The government is of the view that squeezing money supply is necessary to carry forward the scheme put into motion on November 8. Finance Minister Arun Jaitley has gone on record to say this and pointed out that the country is headed towards a “new normal” after decades of high cash-to-GDP ratios.
The narrative has been subtly changed in the weeks after Prime Minister Narendra Modi administered what is effectively a massive anti-stimulus for the Indian economy. It is not yet clear as to what the Reserve Bank of India (RBI) has to say on the government’s intentions to further squeeze currency supply. In addition, the sudden curbs on the deposits of old money have aggravated public sentiment - seen as they are as an unfair, last minute breach of the promise to allow unfettered deposits by the Prime Minister himself.
With deposits of old currency notes expected to have already crossed Rs 14 lakh crore, it remains to be seen as to how much of the total demonetised currency of Rs 15.44 lakh crore would be ‘forcibly extinguished’. (At the time of writing this column, there is a likelihood of some modifications being made to the RBI circular announcing the curb on deposits).
Nevertheless, the impact of the currency squeeze – including the question mark on residual cash holdings with the public - may heighten and prolong the distress that is evident across many labour intensive industrial sectors as well as the farm economy.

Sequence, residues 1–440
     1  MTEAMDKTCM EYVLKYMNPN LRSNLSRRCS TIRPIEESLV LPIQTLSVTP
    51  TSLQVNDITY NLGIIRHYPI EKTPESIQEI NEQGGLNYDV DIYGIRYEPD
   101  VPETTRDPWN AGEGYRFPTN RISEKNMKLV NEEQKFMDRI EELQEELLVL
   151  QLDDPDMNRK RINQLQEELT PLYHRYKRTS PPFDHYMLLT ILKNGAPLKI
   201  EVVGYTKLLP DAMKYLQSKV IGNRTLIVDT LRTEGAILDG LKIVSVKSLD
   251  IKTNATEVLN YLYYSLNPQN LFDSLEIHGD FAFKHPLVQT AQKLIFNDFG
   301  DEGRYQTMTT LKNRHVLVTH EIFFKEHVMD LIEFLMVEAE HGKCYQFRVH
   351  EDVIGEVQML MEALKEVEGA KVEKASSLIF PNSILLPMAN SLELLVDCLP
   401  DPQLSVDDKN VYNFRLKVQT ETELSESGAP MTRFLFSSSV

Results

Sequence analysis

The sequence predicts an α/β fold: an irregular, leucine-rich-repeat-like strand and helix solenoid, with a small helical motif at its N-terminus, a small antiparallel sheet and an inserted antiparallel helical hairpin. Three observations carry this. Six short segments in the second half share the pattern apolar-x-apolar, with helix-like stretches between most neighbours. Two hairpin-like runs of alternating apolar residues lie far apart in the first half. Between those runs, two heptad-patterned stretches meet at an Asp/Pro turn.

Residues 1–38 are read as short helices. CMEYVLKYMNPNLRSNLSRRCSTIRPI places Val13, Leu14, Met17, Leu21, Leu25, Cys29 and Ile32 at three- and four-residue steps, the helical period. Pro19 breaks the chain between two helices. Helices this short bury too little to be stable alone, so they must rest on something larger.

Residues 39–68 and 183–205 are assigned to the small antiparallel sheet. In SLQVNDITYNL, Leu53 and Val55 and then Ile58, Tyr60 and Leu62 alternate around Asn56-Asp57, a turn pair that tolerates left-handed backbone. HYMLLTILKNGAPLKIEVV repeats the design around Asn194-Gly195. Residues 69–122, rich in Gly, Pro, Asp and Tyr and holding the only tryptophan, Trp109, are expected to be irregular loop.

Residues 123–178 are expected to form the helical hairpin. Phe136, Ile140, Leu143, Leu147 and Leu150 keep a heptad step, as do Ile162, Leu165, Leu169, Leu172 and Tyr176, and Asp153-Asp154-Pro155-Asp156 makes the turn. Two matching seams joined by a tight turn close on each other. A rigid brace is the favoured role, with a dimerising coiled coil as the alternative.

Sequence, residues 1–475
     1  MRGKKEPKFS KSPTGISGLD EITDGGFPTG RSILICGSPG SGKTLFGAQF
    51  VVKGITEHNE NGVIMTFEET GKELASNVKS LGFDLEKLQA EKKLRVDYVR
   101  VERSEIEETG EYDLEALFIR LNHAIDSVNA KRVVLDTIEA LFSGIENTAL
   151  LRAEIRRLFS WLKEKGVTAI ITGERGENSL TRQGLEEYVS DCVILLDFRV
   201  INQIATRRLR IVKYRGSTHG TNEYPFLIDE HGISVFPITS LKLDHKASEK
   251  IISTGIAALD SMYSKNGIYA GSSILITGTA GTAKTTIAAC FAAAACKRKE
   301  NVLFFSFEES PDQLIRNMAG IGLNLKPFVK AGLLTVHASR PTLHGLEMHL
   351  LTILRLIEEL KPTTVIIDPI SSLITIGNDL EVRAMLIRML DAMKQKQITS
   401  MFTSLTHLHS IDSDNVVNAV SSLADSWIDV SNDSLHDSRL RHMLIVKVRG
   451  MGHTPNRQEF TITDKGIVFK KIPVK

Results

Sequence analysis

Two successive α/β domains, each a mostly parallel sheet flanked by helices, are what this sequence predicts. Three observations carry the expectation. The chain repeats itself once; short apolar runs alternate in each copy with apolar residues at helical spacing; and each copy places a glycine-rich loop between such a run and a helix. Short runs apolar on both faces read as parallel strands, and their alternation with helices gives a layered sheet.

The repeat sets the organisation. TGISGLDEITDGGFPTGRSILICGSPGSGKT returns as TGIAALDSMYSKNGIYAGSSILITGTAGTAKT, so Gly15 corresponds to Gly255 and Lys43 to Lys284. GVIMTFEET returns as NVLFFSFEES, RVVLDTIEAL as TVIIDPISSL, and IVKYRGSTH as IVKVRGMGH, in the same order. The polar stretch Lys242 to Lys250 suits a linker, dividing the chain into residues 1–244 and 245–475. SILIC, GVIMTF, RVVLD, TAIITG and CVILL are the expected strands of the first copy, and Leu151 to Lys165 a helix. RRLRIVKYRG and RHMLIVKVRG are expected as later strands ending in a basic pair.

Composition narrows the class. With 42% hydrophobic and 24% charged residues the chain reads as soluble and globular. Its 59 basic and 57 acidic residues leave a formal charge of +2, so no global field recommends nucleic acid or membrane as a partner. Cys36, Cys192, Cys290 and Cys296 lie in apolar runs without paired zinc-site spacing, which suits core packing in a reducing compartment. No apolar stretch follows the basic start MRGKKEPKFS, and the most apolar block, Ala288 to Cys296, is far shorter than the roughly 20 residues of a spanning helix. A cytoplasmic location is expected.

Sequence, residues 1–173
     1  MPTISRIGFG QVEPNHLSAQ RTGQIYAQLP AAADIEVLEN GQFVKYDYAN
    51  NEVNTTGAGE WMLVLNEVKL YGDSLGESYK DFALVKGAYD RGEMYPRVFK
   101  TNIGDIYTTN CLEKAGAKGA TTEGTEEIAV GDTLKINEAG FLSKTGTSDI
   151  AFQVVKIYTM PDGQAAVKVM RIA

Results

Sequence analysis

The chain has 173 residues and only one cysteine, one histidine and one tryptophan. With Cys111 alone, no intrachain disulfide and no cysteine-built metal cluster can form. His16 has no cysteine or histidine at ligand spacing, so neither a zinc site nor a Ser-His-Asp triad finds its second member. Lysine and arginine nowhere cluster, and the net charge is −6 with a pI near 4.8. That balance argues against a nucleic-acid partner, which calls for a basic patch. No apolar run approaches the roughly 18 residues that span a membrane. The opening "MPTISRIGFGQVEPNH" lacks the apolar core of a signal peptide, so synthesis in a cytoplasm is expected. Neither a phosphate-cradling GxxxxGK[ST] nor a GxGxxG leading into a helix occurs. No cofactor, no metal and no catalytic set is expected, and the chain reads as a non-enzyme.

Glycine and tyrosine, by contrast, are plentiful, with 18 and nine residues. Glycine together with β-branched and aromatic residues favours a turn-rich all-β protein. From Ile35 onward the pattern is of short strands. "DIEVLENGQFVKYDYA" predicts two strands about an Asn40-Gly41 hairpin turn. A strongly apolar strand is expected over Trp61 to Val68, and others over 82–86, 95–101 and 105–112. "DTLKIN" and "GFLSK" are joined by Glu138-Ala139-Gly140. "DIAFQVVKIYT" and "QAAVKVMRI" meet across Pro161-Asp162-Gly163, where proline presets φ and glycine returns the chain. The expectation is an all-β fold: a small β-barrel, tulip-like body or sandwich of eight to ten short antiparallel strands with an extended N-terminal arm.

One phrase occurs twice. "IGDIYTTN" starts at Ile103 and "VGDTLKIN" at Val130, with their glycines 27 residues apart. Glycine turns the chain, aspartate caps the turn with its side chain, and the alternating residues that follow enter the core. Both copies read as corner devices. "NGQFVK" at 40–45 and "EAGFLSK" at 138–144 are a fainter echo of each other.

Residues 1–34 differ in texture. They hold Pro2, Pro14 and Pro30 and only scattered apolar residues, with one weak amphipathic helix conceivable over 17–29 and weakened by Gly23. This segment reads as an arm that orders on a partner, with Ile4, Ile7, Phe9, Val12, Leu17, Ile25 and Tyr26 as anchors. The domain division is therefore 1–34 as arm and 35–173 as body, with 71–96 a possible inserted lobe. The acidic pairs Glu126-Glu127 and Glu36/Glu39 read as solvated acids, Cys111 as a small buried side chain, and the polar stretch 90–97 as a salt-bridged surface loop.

It is another matter that questions are also being asked as to what exactly this would achieve for a cash-starved economy that is now chaffing at the withdrawal restrictions - especially in the vast, unbanked rural hinterland where a decent mobile data signal remains a bit iffy. Finance Minister Jaitley recently sidestepped pointed questions on when the withdrawal cap would be lifted and the lack of assurances in this regard is bound to impact consumer sentiment even further.
A continuing crunch is bound to lead to increasing public resentment, even though many more Indians are changing their behaviour and adapting to online banking as well as digital payment alternatives.
It could well be that the government is trying to manage expectations as there is not enough cash to meet demand and by holding back on remonetisation, it would make a virtue out what is a clear necessity.
The push towards greater non-cash transactions is commendable but doesn’t take away from the fact that a significant economic slowdown is upon us and would need an aggressive strategy to counter the adverse impacts of the move. Multiple steps are needed for ‘remonetising India’.
The biggest question is as to what would all of these measures and sundry announcements achieve? The larger issue now is about what the government should be doing in the New Year - for remonetising and revitalising the economy.
More importantly, it is time for the government to start speaking out on the specific plans that they are considering to reboot growth after Prime Minister Modi pressed 'Ctrl + Alt + Delete' on the system that India’s economy used to run on.
The author, Siddharth Zarabi is Executive Editor, BTVi.